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MODULE #6: Types of Power for Leaders

Objectives
 Participants will recognize different types of power that leaders may have.
 Participants will learn techniques for building expert power among leaders.
 Participants will identify the techniques to build leadership skills.

Context

In examining a number of historical events, the different types of powers for leaders are salient. In many
cases, excessive use of power has led to the most devastating tragedies committed by human kind.

Handouts & Resources Needed:


 Handout 6.1A: Examples for Leadership Power
 Handout 6.1B: Description and Examples for Leadership Power
 Handout 6.2: Techniques of Building Expert Power
 Sheet of paper – one for each participant
 Pen/pencils
 Journals – one per student
 Flit chart paper

Activity #1: Recognizing Types of Power Activity (30 min)

Procedure:
 Icebreaker
 Ask students to work in pairs to think about and write down at least five different types of power that leaders may
have.
 Provide and review Handout 6.1A: Examples for Leadership Power.
 Ask students to work in pairs to identify at least one example for each type of power for leaders.
 Ask them to think about what kind of leader may have this type of power and who may have this type of power
when he/she is in a leadership position.
 Provide and review Handout 6.1B: Description and Examples for Leadership Power.
 Ask students to compare their own examples with the examples provided.
 Debriefing

Activity #2: Recognizing Techniques to Build Expert Power Activity (30 min)

Procedure
 Icebreaker
 Ask each student to think about and list at least five techniques to build and keep expert power.
 Ask students to share and check their list with a partner.
 Provide and review Handout 6.2: Techniques of Building Expert Power.
 Ask students to list the techniques to build each type of commonly recognized leadership traits in the
corresponding cells (Handout 6.2A). Encourage students to discuss if they agree with the list and why.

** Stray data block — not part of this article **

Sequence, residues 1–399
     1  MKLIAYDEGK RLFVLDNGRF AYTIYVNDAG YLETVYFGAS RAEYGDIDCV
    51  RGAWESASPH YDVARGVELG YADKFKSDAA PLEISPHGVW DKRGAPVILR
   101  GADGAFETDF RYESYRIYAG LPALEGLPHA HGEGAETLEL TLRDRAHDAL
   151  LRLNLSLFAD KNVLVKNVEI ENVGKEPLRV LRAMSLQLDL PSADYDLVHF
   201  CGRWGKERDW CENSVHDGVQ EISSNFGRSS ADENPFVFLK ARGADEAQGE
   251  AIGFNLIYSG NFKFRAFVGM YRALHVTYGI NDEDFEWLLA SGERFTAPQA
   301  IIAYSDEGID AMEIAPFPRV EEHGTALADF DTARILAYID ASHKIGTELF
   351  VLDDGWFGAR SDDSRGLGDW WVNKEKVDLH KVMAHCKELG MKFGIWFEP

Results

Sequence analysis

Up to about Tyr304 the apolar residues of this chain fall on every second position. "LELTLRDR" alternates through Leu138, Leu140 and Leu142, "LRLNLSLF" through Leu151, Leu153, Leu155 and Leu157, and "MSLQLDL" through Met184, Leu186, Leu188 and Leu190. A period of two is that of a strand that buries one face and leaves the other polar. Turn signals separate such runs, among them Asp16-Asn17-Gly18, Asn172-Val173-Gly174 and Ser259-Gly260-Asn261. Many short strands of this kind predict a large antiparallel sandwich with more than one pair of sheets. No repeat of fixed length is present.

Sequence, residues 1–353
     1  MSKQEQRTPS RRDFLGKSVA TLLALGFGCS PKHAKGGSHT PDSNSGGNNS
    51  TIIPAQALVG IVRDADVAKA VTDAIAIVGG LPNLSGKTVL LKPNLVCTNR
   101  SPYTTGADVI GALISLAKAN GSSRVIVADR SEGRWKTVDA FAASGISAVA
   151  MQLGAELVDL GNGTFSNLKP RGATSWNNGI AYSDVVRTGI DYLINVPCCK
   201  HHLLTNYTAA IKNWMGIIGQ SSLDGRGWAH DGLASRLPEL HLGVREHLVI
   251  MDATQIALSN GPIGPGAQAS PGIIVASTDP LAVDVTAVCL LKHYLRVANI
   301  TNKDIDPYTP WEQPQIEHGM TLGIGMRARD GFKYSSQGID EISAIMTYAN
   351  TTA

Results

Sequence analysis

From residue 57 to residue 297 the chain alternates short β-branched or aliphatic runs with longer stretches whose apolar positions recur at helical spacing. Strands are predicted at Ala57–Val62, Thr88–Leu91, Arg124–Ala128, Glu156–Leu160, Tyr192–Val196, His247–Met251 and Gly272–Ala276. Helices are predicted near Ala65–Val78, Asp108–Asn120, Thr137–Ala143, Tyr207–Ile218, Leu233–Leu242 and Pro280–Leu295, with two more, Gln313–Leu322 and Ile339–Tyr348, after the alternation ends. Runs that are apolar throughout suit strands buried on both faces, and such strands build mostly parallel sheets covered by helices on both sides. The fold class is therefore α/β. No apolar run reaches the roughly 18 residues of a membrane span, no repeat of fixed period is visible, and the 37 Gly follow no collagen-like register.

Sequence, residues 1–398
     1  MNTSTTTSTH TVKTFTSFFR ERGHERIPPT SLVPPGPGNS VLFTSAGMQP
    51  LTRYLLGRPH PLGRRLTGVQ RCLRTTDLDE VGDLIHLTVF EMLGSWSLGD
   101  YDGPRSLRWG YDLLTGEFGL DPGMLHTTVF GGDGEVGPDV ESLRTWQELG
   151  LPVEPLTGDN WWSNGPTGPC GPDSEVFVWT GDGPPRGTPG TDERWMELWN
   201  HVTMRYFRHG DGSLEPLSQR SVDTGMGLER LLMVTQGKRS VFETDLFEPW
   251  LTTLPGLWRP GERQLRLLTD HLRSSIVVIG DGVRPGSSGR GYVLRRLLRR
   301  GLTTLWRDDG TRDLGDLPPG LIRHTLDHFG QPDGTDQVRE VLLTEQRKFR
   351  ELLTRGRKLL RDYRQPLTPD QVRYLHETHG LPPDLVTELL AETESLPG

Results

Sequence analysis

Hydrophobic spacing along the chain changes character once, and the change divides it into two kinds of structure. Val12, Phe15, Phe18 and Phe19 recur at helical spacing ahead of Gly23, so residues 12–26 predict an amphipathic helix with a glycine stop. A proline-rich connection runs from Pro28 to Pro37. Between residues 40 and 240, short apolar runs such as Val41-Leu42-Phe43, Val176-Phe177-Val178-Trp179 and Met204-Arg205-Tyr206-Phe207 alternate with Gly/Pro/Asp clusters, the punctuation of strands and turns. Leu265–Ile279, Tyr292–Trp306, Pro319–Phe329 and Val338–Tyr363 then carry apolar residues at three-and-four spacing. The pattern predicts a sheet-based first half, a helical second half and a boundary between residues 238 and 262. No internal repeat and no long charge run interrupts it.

 Debriefing
Handout 6.1A: Examples for Leadership Power
Directions: Read the descriptions for each type of power that leaders may have, and then give at least one example for each type of
power for leaders.

Type of Power Description Example


From Leader Aspect From Follower Aspect1
Reward power Reward power is power that a The target person complies in order
person has because he or she has to obtain rewards he or she
control of the resources. believes are controlled by the
agent.

Coercive power Coercive power is power that a The target person complies in order
person has because he or she has to avoid punishments he or she
control of the punishments or believes are controlled by the
demotions. agent.

Legitimate power This is power based on the position The target person complies
or title that one person may have. because he or she believes the
agent has the right to make the
request and the target person has
the obligation to comply.
Expert power This is power based on some The target person complies
knowledge that a person may have because he or she believes that the
that others may not. agent has special knowledge about
the best way to do something.
Referent power This is power based solely on The target person complies
attractive characteristics that a because he or she admires or
person may have. identifies with the agent and wants
to gain the agent’s approval.

1
Adapted from:
J. French & B.H. Raven, Studies of Social Power, Institute for Social Research, Ann Arbor, MI (1959). Available online Jan. 20, 2006 at:
http://www.apmp.org/pdf/fall99/54leadership.pdf
Handout 6.1B: Description and Examples for Leadership Power

Type of Power Description Example


From Leader Aspect From Follower Aspect
Reward power Reward power is power that a person The target person complies in order An example of this type of power may be a
has because he or she has control of to obtain rewards he or she believes boss who has the ability to give raises to
the resources. are controlled by the agent. those he chooses for any reason he
chooses. In many cases these rewards are
given to those who perform at a superior
level, and may go above and beyond what
is expected of them.
Coercive power Coercive power is power that a The target person complies in order An example of this type of power may be a
person has because he or she has to avoid punishments he or she boss who can fire or demote someone. This
control of the punishments or believes are controlled by the agent. power is normally expressed when
demotions. someone is not working at a level that is
consistent with everyone else.
Legitimate power This is power based on the position The target person complies because Your principal has this type of power over
or title that one person may have. he or she believes the agent has the you. You have to listen to him/her because
right to make the request and the he is the principal. In turn, the head f the
target person has the obligation to school board has power over the principal